nSights Talks

Introduction to IAM Database Authentication

Tutorial Highlights & Transcript

00:00 - Beginning of video
Today, I’m going to talk about IAM Database Authentication.
00:14 - What is IAM database authentication?
What is IAM Database Authentication? Well, it’s a pretty basic concept. It is basically what it sounds like. It’s a way to authenticate to your database instance using AWS identity and access management, or IAM, it’s important to know that this feature is only available for MySQL and PostgreSQL. Thus, for Aurora MySQL and Aurora PostgreSQL too.
00:38 - How IAM database authentication works
Okay, I made this sort of sequence diagram to make better understanding on how it works. So we have a user that assumes a role with the correct permissions to access, IAM Database Authentication, then I am granted the permissions. Then the user requests for the token. I’m going to stop right here because I want you to know something about this token. This token, you will use it as a password for your database user. This way, you will not have to store any passwords on the database. And well, every time you try to access your database user, you will need the token. It’s important to know that this login only leaves for 15 minutes. And yeah. So after that, RDS returns the access token. And finally, the user can connect and when it’s needed to finish the connection. Now let’s get our hands dirty. And let’s move to the demo.
01:53 - Steps to performing IAM database authentication
Before starting, the only thing we need is an RDS instance, which I have already created.
02:02 - Live demo tutorial of how to do IAM database authentication
And with that known, let’s go with step number one, which is to enable IAM Database Authentication on RDS instance. So when you create an RDS instance, or cluster, normally this option is– well, you’ll see it now. Just a moment to load. Let’s start. When you create an RDS instance or cluster, this option password authentication is selected as default. So we have to create it with password IAM Database Authentication or selected and forward. Now we do this change and here we select apply immediately because it doesn’t provoke any downtime to the database. So it’s okay to apply it. Okay, and now we’re ready to go. I’ll explain why it’s needed for this demo. But first, I’m going to create the resources with the TerraForm deployment that I have ready. Don’t worry, it won’t take too long. And that’s it. I’m reading out the steps, we need to create an IAM policy and an IAM role. Right we go to our policies.

Okay, and this is the policy that I that I just created withTerraForm. And this is the permissions, we have the statements, and the action is RDS DB. RDS DB, it’s only for this feature. If you want more features on RDS, you’ll need to use only RDS without the dash DB. The effect is allowed, of course, and then we have to specify the resource right? On the resource, we have to specify which database users will be able to connect through IAM Database Authentication. In this case, my database user is called Gueban doe. This right here is the row’s resource ID of our RDS instance. I’m going to modify this because after doing changes manually and doing changes with TerraForm, I kind of booked the resource so I have to do this manually. And now we have to create a role. Now we have to attach this policy to our role. And as you can see, we need to attach these Amazon RDS read only access. Because in order to get the talking we need to describe our instances and connect to them. Now the trusted entities, the trusted relationships, I have started as trusted entities. Amazon EC2 instances just for the scope of this demo. Now I am going to attach this role to this instance. And here, okay, now that we have the role attached, we have to connect to the instance. And well, okay, we’re inside, and I’m going to run a few commands really quick, and I’m going to explain, and I’m going to explain it. Okay. So the first one, it’s an environment variable called RDS host. What is this is the RDS host or the endpoint of our RDS instance. And then we use an environment variable called token with this environment variable, we call it the token, and we store it on this variable right here. If we want to see the token address, there we have the token. Oh, I forgot to tell you, as you can see here, to request the token, we need to specify the hostname, the port, of course, the region, and then the username that we are going to use to access our database instance. But with that, in our hands, we can access our database instance. And well, there we go. To access, we need to specify again, the host, the port, this black enable your text plugin that it’s used to, to specify that we’re using the plug in AWS authentication plugin, and then the user Gueban Doe and password token. And yep, that was inside. By the way, if any of you are asking yourselves, can we apply this to an instance that is not running on RDS? Well, we do, we just have to download and install the AWS authentication plugin. And after that, we can do the configurations and we’ll be ready to do it. I wanted to show you something else. I think it’s pretty interesting. As you can see, in my steps right here, I didn’t do step three, that was create database users. That was because I have already created them on my TerraForm deployment. Here we define a provider and to the provider, we need to specify an endpoint, a username and a password. It’s good to know that this username and password are from a user with administrative permissions. And here we have the resource that creates our users, MySQL user and I am passing on an array like this. In this case, it’s only an array with one element called Gueban doe. But there we have it.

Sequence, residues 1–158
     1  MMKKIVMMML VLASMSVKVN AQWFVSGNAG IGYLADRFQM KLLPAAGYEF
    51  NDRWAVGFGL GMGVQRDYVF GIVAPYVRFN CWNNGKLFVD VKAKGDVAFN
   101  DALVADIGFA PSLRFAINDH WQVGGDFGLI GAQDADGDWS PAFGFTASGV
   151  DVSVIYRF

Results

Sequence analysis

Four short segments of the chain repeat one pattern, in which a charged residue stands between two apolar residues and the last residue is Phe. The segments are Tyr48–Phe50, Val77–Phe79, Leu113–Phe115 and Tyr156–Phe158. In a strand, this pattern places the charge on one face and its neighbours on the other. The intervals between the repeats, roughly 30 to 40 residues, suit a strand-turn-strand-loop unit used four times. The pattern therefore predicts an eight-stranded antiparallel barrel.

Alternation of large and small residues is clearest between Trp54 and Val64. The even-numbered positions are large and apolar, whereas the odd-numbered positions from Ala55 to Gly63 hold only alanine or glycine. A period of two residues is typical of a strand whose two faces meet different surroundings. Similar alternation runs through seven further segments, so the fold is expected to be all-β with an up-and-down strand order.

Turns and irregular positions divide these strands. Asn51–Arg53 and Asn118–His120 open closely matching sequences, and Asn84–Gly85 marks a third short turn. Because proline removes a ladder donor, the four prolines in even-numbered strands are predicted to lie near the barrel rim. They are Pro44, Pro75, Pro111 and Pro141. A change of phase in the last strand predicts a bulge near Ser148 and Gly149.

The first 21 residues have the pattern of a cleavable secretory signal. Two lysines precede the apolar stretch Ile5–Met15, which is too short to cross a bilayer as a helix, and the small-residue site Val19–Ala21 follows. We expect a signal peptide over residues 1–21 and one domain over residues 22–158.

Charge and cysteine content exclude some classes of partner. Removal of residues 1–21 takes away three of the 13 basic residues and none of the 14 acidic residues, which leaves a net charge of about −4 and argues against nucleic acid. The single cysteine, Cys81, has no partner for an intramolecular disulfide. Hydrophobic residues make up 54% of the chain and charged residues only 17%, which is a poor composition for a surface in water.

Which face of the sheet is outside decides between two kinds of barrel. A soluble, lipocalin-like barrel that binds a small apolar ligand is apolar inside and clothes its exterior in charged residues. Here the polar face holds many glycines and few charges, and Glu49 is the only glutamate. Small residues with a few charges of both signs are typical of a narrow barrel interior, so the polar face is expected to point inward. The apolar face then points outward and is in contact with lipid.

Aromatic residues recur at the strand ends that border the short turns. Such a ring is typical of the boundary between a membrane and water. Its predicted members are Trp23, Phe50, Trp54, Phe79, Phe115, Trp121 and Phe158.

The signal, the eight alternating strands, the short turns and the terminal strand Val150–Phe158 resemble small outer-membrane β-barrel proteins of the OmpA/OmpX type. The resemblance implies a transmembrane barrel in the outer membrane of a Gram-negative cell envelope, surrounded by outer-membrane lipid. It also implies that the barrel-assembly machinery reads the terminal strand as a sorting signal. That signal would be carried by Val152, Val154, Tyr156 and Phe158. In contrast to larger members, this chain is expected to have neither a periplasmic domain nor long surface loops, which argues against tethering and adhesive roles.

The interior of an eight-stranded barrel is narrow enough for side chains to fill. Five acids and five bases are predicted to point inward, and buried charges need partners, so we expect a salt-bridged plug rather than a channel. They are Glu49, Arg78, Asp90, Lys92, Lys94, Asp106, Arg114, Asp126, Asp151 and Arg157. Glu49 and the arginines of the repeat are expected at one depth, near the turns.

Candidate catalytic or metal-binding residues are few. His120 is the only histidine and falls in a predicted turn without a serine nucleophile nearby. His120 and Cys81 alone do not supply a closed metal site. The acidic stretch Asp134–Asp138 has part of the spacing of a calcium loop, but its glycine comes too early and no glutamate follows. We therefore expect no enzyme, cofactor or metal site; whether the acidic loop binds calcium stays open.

Jasmeet Singh

Miguel Alvarado

DevOps Engineer


Miguel is a DevOps Engineer at nClouds and an AWS Certified Cloud Practitioner.